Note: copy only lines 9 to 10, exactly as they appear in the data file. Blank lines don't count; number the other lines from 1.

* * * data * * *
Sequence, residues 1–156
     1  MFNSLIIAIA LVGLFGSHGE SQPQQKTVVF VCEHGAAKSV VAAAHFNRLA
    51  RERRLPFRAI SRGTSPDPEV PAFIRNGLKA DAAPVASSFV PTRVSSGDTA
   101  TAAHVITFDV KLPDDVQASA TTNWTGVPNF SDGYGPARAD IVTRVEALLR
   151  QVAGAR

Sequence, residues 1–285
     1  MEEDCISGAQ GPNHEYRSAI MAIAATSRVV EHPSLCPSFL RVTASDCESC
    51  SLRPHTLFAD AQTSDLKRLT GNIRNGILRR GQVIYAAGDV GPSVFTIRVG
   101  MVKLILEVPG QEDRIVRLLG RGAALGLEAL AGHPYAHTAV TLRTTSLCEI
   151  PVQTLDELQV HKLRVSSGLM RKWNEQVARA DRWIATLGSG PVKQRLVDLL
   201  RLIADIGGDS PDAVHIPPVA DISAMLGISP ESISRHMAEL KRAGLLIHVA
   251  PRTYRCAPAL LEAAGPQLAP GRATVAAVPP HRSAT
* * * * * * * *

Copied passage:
   101  MVKLILEVPG QEDRIVRLLG RGAALGLEAL AGHPYAHTAV TLRTTSLCEI
   151  PVQTLDELQV HKLRVSSGLM RKWNEQVARA DRWIATLGSG PVKQRLVDLL